from the internets: Animal Logic Opening in Vancouver

By Mike Valiquette

imageScore another one for Vancouver, and give the credit to a very healthy tax credit system. Nova Scotia, are y0u paying attention?

According to this article in The Hollywood Reporter, Animal Logic, the studio that produced The Lego Movie, will have a shop up and running in Vancouver, BC as early as September. They expect to be creating around 300 jobs at the shop.


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2 Responses to “from the internets: Animal Logic Opening in Vancouver”

  1. jason

    Creating 300 jobs or bringing up 300 guys from LA to work the same jobs they did in California? When a foreign company moves to Vancouver it’s to cash in on the tax credits. Doesn’t mean they’ll actually be employing any Canadians, if the guys I work with are any indications (same people I worked with in LA and Louisiana for the past 10 years.)
    MPC is probably the only major studio in Van employing a lot of Canadians, and that’s cause they hire a bunch of students and work them like crazy.

    • Hi Jason. No argument from me for the tax credit motivation for foreign companies. Lower cost for labour is what always drives for-profit organizations. I don’t know where you work, so I can’t comment on how they’re managing to qualify for Canadian tax credits without employing Canadians, as generally our system has guidelines built in that only guarantees credits on qualifying-Canadian labour. Vancouver has seen a rise in foreign workers, as has Toronto and the maritimes, and they’ve all had to go through our generally arduous visa process, which seems to change as quickly as our other legislation. All I can attest to is the hiring frenzy we see both here on the job board, and at events like the recent TAAFI job fair here in Toronto. Vancouver studios are looking everywhere, and hiring a lot of Canadians. To be fair, I’m not in the studios themselves, so I don’t know what the numbers are, but I don’t see the financial sense for these shops to simply move their offices up here and import all their talent, then spend money sending recruiters out across the country, if they don’t intend to hire home grown talent.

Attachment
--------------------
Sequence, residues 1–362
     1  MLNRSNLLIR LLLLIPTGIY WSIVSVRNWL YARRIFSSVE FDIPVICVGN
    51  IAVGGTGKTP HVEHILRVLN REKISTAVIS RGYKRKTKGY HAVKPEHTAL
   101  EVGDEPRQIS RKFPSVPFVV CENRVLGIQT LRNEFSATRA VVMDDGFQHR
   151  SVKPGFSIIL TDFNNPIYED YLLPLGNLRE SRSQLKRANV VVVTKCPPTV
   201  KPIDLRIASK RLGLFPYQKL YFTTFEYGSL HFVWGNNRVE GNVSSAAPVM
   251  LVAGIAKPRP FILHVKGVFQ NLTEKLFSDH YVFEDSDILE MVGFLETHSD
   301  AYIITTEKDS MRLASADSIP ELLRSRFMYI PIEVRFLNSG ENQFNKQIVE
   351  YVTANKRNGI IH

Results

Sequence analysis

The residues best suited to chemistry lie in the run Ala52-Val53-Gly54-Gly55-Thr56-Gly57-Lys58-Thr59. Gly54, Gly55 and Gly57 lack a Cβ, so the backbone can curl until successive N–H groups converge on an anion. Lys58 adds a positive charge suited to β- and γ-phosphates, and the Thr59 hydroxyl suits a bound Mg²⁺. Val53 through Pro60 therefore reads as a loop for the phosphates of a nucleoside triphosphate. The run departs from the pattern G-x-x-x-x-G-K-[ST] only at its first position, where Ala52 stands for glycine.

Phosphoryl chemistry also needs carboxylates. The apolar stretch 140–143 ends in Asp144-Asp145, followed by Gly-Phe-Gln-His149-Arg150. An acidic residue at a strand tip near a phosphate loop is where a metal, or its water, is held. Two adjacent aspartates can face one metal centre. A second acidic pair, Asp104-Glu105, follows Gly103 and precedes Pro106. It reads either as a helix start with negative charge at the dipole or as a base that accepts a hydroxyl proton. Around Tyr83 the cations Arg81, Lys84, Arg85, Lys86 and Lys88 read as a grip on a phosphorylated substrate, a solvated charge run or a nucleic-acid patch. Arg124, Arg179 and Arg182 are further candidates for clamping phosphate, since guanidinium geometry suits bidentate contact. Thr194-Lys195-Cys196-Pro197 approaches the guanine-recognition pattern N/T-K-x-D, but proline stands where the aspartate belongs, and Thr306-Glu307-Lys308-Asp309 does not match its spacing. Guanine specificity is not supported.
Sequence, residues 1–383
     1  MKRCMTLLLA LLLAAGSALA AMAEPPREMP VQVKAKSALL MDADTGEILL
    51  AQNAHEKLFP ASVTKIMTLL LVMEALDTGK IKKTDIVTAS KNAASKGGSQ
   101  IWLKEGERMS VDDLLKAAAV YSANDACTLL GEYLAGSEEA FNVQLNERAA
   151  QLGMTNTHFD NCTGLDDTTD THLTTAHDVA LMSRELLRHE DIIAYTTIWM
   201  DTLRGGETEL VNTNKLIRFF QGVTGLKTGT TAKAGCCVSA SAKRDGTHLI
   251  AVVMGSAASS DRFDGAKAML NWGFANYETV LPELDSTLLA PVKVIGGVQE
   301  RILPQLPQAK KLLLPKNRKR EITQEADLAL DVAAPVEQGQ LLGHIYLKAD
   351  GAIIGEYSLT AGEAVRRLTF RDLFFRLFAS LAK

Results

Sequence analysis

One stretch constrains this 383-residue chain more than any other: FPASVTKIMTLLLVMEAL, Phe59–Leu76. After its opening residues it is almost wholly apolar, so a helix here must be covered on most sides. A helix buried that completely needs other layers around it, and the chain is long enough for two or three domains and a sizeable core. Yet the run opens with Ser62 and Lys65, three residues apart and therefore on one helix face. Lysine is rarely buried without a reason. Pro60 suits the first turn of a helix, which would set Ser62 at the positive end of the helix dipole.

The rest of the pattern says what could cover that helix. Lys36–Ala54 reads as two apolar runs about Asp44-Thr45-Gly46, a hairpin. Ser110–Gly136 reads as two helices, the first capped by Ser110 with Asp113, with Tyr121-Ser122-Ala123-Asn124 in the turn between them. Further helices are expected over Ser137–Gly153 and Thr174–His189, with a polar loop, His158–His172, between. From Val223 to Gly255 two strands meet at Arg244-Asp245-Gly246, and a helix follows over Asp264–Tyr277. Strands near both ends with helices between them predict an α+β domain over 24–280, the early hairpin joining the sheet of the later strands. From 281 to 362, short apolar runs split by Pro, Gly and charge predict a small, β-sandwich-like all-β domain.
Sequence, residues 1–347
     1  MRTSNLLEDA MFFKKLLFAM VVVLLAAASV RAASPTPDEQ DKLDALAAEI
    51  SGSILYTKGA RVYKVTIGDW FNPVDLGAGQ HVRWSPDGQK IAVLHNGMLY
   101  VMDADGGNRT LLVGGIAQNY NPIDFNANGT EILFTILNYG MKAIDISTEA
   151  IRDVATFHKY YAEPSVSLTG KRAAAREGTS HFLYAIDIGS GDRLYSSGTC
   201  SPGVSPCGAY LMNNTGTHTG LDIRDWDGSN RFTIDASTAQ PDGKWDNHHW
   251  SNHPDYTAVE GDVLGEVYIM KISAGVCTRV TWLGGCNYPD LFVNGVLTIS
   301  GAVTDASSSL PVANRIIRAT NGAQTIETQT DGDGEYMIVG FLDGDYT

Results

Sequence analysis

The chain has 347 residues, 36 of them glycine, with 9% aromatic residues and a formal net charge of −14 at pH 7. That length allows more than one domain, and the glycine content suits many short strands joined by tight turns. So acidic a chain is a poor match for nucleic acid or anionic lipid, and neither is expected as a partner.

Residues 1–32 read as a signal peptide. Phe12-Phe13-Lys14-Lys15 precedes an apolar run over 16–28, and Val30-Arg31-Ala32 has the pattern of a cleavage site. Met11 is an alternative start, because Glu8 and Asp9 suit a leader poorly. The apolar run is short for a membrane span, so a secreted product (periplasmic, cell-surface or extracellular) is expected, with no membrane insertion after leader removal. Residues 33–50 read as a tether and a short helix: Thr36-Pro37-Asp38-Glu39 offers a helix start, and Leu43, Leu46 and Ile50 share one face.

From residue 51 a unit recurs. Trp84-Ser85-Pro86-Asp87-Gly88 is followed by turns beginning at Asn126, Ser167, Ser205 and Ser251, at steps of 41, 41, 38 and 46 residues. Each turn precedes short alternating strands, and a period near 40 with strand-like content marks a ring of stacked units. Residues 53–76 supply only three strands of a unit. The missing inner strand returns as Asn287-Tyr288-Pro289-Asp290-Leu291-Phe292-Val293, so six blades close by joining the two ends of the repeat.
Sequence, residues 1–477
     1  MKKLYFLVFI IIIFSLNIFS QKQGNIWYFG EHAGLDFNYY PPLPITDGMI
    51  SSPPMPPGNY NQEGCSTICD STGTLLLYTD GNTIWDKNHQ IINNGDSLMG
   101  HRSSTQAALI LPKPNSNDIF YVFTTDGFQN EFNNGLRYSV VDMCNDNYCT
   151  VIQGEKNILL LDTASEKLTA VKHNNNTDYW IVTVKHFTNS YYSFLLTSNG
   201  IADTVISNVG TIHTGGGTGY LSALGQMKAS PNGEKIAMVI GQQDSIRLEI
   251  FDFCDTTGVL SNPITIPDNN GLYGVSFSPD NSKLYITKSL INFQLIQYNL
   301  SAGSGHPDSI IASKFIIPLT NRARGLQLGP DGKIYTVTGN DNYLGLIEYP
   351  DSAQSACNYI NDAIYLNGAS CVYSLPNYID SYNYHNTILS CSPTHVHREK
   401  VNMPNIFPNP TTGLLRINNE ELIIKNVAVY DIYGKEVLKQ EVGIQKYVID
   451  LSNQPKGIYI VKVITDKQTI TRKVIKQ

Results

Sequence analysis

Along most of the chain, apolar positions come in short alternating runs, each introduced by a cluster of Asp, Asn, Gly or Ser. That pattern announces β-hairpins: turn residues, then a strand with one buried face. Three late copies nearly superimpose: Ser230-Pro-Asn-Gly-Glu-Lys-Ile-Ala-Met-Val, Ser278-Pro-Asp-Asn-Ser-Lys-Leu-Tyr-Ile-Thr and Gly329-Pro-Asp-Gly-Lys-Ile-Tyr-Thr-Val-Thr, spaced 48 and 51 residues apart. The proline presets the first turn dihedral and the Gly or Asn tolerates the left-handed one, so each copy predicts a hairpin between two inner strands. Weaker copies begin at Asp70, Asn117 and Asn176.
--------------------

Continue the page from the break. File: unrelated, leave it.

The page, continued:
The simplest logic is that you can’t cash in on tax credits without hiring Canadians. If someone’s doing it, then they’ve worked out a system I’m not aware of.


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